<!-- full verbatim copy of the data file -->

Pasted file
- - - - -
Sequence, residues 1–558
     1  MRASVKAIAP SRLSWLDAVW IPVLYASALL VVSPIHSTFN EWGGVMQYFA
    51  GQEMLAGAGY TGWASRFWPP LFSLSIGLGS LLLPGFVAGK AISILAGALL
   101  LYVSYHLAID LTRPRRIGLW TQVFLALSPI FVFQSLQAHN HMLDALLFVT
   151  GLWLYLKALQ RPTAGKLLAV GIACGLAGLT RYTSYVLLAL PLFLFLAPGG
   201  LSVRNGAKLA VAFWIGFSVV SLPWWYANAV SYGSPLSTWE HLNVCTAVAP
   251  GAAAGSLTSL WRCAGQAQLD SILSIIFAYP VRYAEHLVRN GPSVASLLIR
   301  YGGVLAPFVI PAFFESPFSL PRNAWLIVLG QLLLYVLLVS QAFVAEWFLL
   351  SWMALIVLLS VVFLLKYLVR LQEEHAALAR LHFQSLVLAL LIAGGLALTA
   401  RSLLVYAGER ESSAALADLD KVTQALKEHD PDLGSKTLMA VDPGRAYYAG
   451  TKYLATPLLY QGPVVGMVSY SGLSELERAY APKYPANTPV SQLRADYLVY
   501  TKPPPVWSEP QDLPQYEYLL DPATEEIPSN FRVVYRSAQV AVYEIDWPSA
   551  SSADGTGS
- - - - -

Sequence, residues 1–558
     1  MRASVKAIAP SRLSWLDAVW IPVLYASALL VVSPIHSTFN EWGGVMQYFA
    51  GQEMLAGAGY TGWASRFWPP LFSLSIGLGS LLLPGFVAGK AISILAGALL
   101  LYVSYHLAID LTRPRRIGLW TQVFLALSPI FVFQSLQAHN HMLDALLFVT
   151  GLWLYLKALQ RPTAGKLLAV GIACGLAGLT RYTSYVLLAL PLFLFLAPGG
   201  LSVRNGAKLA VAFWIGFSVV SLPWWYANAV SYGSPLSTWE HLNVCTAVAP
   251  GAAAGSLTSL WRCAGQAQLD SILSIIFAYP VRYAEHLVRN GPSVASLLIR
   301  YGGVLAPFVI PAFFESPFSL PRNAWLIVLG QLLLYVLLVS QAFVAEWFLL
   351  SWMALIVLLS VVFLLKYLVR LQEEHAALAR LHFQSLVLAL LIAGGLALTA
   401  RSLLVYAGER ESSAALADLD KVTQALKEHD PDLGSKTLMA VDPGRAYYAG
   451  TKYLATPLLY QGPVVGMVSY SGLSELERAY APKYPANTPV SQLRADYLVY
   501  TKPPPVWSEP QDLPQYEYLL DPATEEIPSN FRVVYRSAQV AVYEIDWPSA
   551  SSADGTGS